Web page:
And we wonder why simply repeating “be confident” in our heads doesn’t get the job done.
While these are only two hindrances on women’s self-confidence, they are quite pervasive in our society and will most likely take years to improve.
However, being a confident female in 2012 is not hopeless. Here are 5 tips to building self-confidence.
1. Take responsibility for yourself- It can be quite easy to place the blame on the media, society or our parents. Building confidence can be especially challenging when women (and men) grow up in households where they are belittled, criticized or even abused, as that negativity becomes internalized. Regardless of the where the critical messages come from, it can be challenging to drown out that negative voice or believe a positive story about ourselves. But you and only you can create change.
2. Fake it until you make it- Perception hugely influences our relationships and human interactions. In therapy we often talk about the relationship between behavior and feelings and more often than not, when we change our behavior we can change our feelings. So simply saying in our heads “be confident” doesn’t have much power; however, if we begin to play the role of what confident looks like, it becomes more believable to ourselves. For example, when a woman is timid and hesitant, people tend to perceive her as insecure and lacking confidence, which increases the likelihood that she will be disrespected or taken advantage of. However when a woman acts firm and self-assured, she is more likely to be believed to be just that. Finding a mentor or someone you look up to can be helpful to emulate these traits.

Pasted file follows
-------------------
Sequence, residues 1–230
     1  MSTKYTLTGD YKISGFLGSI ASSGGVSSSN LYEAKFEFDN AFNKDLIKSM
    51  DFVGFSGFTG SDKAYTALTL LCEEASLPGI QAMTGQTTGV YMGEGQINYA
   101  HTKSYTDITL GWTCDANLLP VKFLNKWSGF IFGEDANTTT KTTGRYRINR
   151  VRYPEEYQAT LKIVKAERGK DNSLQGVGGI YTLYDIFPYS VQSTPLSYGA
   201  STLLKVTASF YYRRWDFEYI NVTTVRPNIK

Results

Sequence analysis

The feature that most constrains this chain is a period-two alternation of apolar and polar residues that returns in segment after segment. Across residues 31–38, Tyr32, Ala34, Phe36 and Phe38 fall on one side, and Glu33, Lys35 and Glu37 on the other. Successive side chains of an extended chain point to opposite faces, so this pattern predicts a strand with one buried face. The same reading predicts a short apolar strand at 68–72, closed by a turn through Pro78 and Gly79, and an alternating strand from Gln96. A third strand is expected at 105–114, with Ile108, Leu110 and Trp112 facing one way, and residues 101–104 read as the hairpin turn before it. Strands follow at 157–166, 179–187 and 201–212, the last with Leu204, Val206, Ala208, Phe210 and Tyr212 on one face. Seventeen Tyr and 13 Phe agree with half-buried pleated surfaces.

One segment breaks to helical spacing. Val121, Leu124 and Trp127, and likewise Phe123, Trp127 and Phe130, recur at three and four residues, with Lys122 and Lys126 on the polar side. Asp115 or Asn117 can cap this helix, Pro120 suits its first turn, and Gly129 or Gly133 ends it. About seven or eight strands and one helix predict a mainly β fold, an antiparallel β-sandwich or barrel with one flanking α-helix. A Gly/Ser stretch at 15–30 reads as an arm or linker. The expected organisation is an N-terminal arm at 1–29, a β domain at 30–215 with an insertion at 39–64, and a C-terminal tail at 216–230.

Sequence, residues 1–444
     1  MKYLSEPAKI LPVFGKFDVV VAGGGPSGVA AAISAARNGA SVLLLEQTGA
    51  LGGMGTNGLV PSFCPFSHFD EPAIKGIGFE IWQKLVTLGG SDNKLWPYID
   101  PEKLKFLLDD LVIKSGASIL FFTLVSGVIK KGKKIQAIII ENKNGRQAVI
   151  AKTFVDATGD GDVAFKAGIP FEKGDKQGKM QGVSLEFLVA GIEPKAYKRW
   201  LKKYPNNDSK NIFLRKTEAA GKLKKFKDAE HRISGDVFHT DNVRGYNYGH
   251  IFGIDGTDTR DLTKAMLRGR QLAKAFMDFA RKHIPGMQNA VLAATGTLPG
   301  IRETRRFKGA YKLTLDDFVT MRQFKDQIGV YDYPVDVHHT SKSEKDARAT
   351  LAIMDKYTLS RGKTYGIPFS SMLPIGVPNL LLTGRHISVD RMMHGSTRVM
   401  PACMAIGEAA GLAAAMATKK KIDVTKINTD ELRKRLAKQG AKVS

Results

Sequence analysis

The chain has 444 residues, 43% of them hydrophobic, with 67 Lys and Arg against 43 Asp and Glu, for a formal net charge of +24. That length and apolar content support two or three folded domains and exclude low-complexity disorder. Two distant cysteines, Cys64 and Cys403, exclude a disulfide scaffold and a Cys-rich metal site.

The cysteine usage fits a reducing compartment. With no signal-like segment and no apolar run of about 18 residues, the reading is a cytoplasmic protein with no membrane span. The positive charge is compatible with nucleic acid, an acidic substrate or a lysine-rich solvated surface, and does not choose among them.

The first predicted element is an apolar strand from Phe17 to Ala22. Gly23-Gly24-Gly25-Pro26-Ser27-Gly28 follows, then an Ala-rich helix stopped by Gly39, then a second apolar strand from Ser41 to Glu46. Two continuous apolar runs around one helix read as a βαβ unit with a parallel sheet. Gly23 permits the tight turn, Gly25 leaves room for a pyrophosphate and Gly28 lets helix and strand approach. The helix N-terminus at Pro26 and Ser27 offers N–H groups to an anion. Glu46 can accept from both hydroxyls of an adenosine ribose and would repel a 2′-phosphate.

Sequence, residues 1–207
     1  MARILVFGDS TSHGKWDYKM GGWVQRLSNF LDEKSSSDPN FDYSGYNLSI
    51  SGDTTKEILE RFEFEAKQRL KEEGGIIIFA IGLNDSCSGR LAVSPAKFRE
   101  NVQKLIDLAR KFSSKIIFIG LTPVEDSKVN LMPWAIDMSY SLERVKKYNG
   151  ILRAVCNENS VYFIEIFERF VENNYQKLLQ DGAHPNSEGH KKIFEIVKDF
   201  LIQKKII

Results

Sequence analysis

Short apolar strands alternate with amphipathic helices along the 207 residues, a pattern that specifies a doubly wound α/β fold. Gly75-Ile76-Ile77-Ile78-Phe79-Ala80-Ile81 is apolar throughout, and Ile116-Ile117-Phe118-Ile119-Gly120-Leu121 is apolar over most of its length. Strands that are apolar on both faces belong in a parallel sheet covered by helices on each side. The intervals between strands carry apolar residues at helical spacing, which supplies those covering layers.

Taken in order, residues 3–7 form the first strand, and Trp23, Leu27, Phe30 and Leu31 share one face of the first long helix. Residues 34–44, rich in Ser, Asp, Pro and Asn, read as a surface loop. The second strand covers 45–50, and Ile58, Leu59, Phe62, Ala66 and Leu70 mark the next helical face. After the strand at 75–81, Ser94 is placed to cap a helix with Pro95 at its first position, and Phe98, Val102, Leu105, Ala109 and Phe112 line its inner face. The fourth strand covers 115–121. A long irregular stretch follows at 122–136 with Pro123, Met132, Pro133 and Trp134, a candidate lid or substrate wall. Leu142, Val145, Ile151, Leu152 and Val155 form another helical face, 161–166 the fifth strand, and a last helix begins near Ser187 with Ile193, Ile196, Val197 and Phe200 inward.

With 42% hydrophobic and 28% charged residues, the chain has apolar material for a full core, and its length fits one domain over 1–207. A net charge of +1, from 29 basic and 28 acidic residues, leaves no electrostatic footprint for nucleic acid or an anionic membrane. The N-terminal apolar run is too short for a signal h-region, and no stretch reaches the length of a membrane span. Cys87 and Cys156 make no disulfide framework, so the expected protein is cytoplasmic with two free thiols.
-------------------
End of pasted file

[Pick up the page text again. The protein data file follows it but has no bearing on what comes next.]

3. Focus on one area- Building self-confidence involves active participation. Looking at the gym doesn’t make you more fit, you have to actually workout. While it is near impossible for human beings to feel confident in every area of their life at all times, we can take action by focusing on one area. When we dedicate ourselves to be successful at something, the process of failure, recovery, persistence and success creates a sense of self-worth and self-efficacy. The more we develop those beliefs about ourselves, the more they translate to other areas of our life.
4. Model for others- People typically treat you the way you treat yourself. Modeling starts with what we say to ourselves internally. When we label ourselves with low-confidence or tell ourselves “I’m not good enough,” “my body doesn’t look like that” etc, we tend to believe it. These thoughts influence our behavior and people will treat you accordingly.
5. Practice acceptance- Whether it’s through a mindfulness practice or self-affirmations, practice accepting yourself as a whole. Acknowledge the parts of yourself that are more difficult, whether they’re physical, emotional or mental. When we accept ourselves, not only do we feel more whole, but we tend to compare ourselves to other less.
It can be easy to look to others or external things to instill this confidence with immediate gratification, but that will always require someone else’s approval. Today more than ever, women are faced with obstacles to believing they are beautiful, smart and talented. True confidence comes from cultivating a sense of self-worth and self-efficacy. These characteristics require hard work and a close look at ourselves. When we put in the work and become our own biggest cheerleader, the possibilities of what we can achieve are endless.
Quotes on confidence:
“What could you achieve in life if you decided to become totally and blissfully impervious to hostile criticism and rejection?”
“I exist as though I am, that is enough.”- Walt Whitman
“The more you love your decisions, the less you will need others to love them.”
It is no coincidence that National Stress Awareness Month happens to be during tax month. Nevertheless, stress is not necessarily all bad; it is the thing that often motivates us, helps us meet deadlines, sharpens our attention and keeps us out of danger. Many of us face stress in our daily routine and are accustomed to functioning with a high level of stress. While we may be managing and functioning in this state, I’d like to take this month of awareness as an opportunity to help you learn more about stress, it’s effects and ways to combat against it.